Q. We had a patient come in with an open fracture of the distal interphalangeal joint of the right index and middle fingers, ICD-9 [International Classification of Diseases, 9th Revision, Clinical Modification] code 816.12. The provider set and splinted them both. Can I bill procedure code 26765 (“Open treatment of distal phalangeal fracture, finger or thumb, includes internal fixation, when performed, each”) twice?

A. A diagnosis of open fracture means that the skin has been broken traumatically, but it does not automatically require open surgical treatment, which is required for Current Procedural Terminology (CPT) code 26765. The terms closed treatment and open treatment in the CPT guidelines have been carefully chosen to accurately reflect the specific orthopedic procedure that is performed.

Closed treatment specifically means that the fracture is not surgically opened (exposed to the external environment and directly visualized). It includes repair with manipulation, repair without manipulation, or repair with or without traction Open treatment means that the surgeon performs an incision to expose the fracture and usually performs internal fixation. Alternatively, the surgeon may insert an intramedullary nail or other orthopedic device for international fixation of the fracture.

In general, during an open fracture treatment, the provider incises the skin over the fractured bone once the patient has been appropriately prepared and anesthetized. The provider dissects down through the subcutaneous tissue and retracts the muscles to obtain adequate exposure of the phalanx fracture. The provider then adjusts the bone to reduce the fractured fragments or to bring the dislocated bones back to their normal alignment. The provider may fix the fracture using implants like a plate, screw, nail, or wire before closing the wound by suturing the skin layers together. An x-ray may be obtained to confirm the reduction of the fracture. The surgeon will place a splint or brace on the digit for protection. Generally, these procedures are performed in an operating room of a hospital or ambulatory surgery center. You must look for these types of notes in the procedure description in order to bill CPT code 26765 correctly.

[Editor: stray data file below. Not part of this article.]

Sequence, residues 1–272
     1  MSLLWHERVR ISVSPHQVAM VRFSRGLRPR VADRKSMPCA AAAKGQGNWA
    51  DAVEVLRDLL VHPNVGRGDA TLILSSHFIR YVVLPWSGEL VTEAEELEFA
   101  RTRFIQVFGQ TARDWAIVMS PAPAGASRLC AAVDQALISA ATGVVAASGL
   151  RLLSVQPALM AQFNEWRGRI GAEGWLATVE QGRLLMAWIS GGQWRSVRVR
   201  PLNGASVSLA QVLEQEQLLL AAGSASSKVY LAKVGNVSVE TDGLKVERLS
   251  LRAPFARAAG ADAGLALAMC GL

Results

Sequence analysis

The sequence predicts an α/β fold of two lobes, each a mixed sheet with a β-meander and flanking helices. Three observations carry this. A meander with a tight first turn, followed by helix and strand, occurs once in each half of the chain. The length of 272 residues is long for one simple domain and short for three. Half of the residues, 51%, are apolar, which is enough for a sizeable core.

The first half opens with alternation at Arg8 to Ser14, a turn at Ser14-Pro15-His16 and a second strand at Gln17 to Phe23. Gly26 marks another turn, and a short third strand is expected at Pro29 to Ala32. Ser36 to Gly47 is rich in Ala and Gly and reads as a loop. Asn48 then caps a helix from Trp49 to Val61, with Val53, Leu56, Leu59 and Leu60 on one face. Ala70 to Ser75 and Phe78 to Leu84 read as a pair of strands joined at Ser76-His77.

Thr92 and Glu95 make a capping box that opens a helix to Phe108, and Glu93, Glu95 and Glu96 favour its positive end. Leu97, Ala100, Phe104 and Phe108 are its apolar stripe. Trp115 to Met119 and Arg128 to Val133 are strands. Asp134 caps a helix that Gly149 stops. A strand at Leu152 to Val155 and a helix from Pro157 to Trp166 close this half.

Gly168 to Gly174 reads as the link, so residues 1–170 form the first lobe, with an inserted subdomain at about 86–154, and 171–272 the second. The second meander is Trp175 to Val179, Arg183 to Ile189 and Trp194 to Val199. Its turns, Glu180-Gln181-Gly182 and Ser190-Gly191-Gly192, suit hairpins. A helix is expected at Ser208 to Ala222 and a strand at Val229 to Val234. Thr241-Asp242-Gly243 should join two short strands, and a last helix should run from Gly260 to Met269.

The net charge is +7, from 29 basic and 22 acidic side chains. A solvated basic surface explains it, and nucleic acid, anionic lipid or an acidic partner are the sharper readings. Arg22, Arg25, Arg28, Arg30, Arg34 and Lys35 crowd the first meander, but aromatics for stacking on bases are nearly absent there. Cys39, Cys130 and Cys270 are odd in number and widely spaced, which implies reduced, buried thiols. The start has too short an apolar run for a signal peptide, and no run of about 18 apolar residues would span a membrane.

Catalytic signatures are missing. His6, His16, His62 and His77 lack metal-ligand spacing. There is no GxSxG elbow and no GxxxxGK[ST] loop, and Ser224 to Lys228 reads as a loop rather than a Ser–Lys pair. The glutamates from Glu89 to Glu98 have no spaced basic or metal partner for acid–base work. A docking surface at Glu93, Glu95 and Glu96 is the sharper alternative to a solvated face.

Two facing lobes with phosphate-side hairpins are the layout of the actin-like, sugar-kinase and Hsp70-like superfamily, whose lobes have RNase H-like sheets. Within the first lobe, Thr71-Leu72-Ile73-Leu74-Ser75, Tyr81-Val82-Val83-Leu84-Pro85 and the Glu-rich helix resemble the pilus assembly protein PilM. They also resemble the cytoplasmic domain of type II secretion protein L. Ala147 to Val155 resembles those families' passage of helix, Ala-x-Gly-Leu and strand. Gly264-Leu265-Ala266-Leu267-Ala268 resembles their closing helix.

Almost invariably when fracture treatment is performed in an urgent care center, the biller will encounter closed treatment of the fracture. For finger fractures, one of the following codes will apply:

  • CPT code 26750: “Closed treatment of distal phalangeal fracture, finger or thumb; without manipulation, each”
  • CPT code 26755: “Closed treatment of distal phalangeal fracture, finger or thumb; with manipulation, each” for guidance.

If you bill the code twice, you should attach modifier -59 to the second code. Also specify the finger with modifiers F1 through FA:

      • F1: “Left hand, second digit”
      • F2: “Left hand, third digit”
      • F3: “Left hand, fourth digit”
      • F4: “Left hand, fifth digit”
      • F5: “Right hand, thumb”
      • F6: “Right hand, second digit”
      • F7: “Right hand, third digit”
      • F8: “Right hand, fourth digit”
      • F9: “Right hand, fifth digit”
      • FA: “Left hand, thumb”

When billing the codes to insurance, you will use ICD-9 code 816.12, “Open fracture of distal phalanx or phalanges of hand,” to represent both fingers, and you should include modifier F6,
“Right hand, second digit,” on one procedure line and F7, “Right hand, third digit,” on the second procedure line.
Once you have converted to ICD-10 (International Classification of Diseases, 10th Revision, Clinical Modification, required by October 1, 2015), you will be able to identify each fracture with a diagnosis code because of the specificity of the codes. You will be able to include the displacement or nondisplacement, laterality, and visit type (e.g., initial encounter for open fracture, subsequent encounter with routine healing) for each injury:

      • S62.630, “Displaced fracture of distal phalanx of right index finger,” requires a 7th-digit extension that represents the encounter:
        • – A: Initial encounter for closed fracture
        • – B: Initial encounter for open fracture
        • – D: Subsequent encounter for fracture with routine healing
        • – G: Subsequent encounter for fracture with delayed healing
        • – K: Subsequent encounter for fracture with nonunion
        • – P: Subsequent encounter for fracture with malunion
        • – S: Sequelae
        •  S62.632, “Displaced fracture of distal phalanx of right middle finger,” also requires a 7th-digit extension from the preceding list.

Make sure that you link the correct modifiers to the codes that are linked to the finger-specific ICD-10 code (e.g., “open fracture left index finger, closed fracture left middle finger”).

If you were billing using ICD-10, your codes for the visit you describe would be S62.630A and S62.632A. You would report the procedures best described by the documentation for each digit, and link the diagnosis to the corresponding procedure. Check with the payors to determine if they will still require the modifiers on the procedures.

DAVID STERN, MD (Practice Velocity)

Open Fracture Treatment Versus Closed Fracture Treatment

David Stern, MD

Chief Executive Officer at Experity, Previous Chief Executive Offer at Practice Velocity Urgent Care Solutions, Founding Member of the Urgent Care Association of America, Publishing Staff for The Journal of Urgent Care Medicine